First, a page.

personal computer should  have a colour screen of the highest quality,
size 17 inches and resolution 1024 by 768  is recommended; an
appropriate graphics card;  an ethernet card; not less than 4 Mbytes,
preferably 8 Mbytes of memory and a three button  mouse. Not many of
those around.  Very little if any experience with Macs.
> 3. How are you going to put X servers on all of those Macs and PCs? 
> [Putting _legal_ copies of commercial X server packages on all of our
> PCs and Macs is going to cost serious money. To give you a clue on the
> environment, a lot of ours are running NCSA Telnet, MacIP, or Kermit,
> ie, their owners either were not willing or not able to pay for
> commercial terminal emulators.] 

We have a site deal for eXceed.
> 4. Do any of your users dial in to use your systems? 
> [Here, fewer and fewer since we've finally got the ethernet into all
> of the labs.  However, quite a few people work on papers and such at
> home.  Things are already pretty slow for them at 2400 baud in
> character mode.  Maybe they could run X windows over SLIP, but I bet
> that they wouldn't like it.] 

Yes and this might cause problem in due course. Any insights welcome.
> 5. Have you ever seen public domain X window servers for PC's running
>    DOS and Windows, and Mac's running System 6 or 7? 
> [I've not encountered these programs, but I'd love to have them if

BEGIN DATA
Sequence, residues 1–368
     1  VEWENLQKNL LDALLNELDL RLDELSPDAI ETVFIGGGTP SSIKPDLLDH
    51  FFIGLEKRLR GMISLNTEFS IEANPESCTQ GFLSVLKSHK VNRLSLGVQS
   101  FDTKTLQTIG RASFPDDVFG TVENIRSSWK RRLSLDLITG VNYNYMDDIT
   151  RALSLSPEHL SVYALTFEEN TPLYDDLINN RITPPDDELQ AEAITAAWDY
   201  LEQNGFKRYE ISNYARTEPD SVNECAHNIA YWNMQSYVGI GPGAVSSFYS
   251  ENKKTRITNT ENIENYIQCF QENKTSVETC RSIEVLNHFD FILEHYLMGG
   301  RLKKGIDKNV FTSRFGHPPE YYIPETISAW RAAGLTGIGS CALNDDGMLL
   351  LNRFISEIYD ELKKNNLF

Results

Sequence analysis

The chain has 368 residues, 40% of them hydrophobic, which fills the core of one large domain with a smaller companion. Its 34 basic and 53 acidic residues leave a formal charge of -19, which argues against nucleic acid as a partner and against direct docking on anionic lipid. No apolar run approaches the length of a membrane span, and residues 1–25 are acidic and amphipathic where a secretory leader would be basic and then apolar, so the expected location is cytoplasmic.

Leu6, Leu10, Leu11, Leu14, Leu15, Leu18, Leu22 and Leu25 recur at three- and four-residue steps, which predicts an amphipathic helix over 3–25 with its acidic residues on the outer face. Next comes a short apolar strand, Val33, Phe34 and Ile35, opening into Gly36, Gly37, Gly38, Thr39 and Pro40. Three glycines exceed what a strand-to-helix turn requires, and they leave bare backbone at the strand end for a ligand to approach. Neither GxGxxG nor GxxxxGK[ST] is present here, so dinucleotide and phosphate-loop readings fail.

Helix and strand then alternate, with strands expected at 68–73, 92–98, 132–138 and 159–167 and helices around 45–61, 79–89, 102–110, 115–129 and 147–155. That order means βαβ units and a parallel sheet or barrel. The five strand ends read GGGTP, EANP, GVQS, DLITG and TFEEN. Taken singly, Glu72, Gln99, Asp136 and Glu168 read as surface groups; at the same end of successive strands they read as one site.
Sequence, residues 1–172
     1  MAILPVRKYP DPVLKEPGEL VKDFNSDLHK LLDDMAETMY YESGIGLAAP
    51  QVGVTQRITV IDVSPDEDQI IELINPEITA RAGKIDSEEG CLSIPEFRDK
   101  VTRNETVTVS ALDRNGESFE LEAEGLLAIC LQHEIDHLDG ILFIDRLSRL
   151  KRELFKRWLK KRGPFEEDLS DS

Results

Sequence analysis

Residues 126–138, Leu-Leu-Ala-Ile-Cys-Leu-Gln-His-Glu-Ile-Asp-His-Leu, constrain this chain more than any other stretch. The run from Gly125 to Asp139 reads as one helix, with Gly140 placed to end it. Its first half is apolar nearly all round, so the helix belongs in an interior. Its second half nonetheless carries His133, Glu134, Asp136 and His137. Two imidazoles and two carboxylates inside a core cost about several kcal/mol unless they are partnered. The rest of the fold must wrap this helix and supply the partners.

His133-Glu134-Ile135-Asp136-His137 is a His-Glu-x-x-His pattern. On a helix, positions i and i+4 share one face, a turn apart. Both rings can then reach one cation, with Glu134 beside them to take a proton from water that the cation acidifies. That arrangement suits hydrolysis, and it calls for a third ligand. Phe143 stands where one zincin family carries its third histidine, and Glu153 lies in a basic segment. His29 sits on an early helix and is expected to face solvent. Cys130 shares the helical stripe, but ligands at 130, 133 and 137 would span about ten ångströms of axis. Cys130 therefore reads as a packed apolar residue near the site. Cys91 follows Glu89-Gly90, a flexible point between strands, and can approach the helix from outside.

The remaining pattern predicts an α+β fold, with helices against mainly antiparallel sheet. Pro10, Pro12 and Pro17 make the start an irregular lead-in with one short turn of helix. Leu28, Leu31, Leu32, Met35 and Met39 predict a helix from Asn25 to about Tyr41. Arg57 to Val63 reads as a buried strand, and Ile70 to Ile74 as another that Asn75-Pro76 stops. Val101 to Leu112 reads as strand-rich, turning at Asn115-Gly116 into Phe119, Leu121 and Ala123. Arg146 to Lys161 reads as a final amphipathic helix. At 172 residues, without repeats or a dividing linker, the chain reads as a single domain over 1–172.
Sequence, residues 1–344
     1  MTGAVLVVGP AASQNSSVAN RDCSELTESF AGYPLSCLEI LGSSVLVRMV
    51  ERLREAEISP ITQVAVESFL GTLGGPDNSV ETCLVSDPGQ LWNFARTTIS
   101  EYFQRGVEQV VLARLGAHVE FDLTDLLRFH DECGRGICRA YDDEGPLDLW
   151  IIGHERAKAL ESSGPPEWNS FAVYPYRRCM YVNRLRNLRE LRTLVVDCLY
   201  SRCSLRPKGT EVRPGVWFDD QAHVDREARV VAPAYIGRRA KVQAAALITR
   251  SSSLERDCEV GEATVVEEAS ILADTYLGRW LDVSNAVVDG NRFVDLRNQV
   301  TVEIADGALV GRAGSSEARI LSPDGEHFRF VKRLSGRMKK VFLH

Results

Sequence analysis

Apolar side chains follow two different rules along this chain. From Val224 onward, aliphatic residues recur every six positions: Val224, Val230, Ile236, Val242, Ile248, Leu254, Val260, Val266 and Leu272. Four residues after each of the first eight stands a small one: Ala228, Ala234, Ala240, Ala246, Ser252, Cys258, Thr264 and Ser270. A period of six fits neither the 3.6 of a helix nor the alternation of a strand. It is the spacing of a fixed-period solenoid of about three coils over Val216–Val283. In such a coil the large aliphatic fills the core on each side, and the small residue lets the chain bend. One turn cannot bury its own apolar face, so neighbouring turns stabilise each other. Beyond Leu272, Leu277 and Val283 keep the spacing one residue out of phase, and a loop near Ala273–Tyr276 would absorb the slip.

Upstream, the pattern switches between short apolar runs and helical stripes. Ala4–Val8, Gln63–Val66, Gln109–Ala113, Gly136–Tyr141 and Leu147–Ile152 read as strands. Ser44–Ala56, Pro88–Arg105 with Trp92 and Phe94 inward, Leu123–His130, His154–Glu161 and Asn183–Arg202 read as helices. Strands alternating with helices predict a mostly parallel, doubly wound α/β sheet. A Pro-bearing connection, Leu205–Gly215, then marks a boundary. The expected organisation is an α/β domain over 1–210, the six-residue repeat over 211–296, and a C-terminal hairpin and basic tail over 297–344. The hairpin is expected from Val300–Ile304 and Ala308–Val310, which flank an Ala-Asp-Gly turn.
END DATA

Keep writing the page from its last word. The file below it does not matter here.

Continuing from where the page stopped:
> they already exist.] 

The answer is no.
> Now that I've grumped about the cost of the interface, here are my
> suggestions to X window program developers to help us minimize these
> costs: 
> 1.  ALWAYS put in a character mode interface.  This should be in two
> versions, instead of, and in addition to, the X interface. Your
> program will run on practically anything and TO practically anything. 
> It will also be possible to access it via scripts.  We can migrate to
> its X window capabilites as our budget permits.  Yeah, I know, low
> tech, stone age, etc., but guess what, a lot of us still have to work
> at this level. 

Might be to expensive for the developers. 
> 2.  When you add graphics, have some way for the character mode to
> send graphics to a file and to the screen.  It doesn't matter so much
> if it is Tektronix, GKS, or whatever.  If we can get our hands on it,
> then we can reformat it enough to look at it.  Obviously, this isn't
> for interactive graphics applications.  But then, how much interactive
> graphics does one _really_ need in a database? 
> 3   Have mercy on those users who have B&W or 4 bit grey scale
> screens.  Ditto for those without 1000 x 1000 screens. 
> 4   Mice come with 3/2/1 buttons.  Using option up-arrow mouse-button
> is a miserable way to access a program option.  Set it up so that your
> program works reasonably with the number of physical buttons on the
> user's mouse.  Also, stay away from weird control key mouse button
> combinations - they are user hostile. 
> 5   How about next time you get an urge to write a graphical DNA
> editor, write a public domain X server for either the PC or the Mac
> instead?  Yeah, it's not a trivial undertaking (I know that I couldn't
> do it), but it would be really nice to have this software around. Just
> think, if you write this then you will have increased the "market" for
> your other X window software by about 10x !
> That's enough gasoline on the fire for one day.
> David Mathog
> mathog at seqvax.caltech.edu
> manager, sequence analaysis facility, biology division, Caltech
We stay in touch and when we have more experience, we will share it.

Kind Regards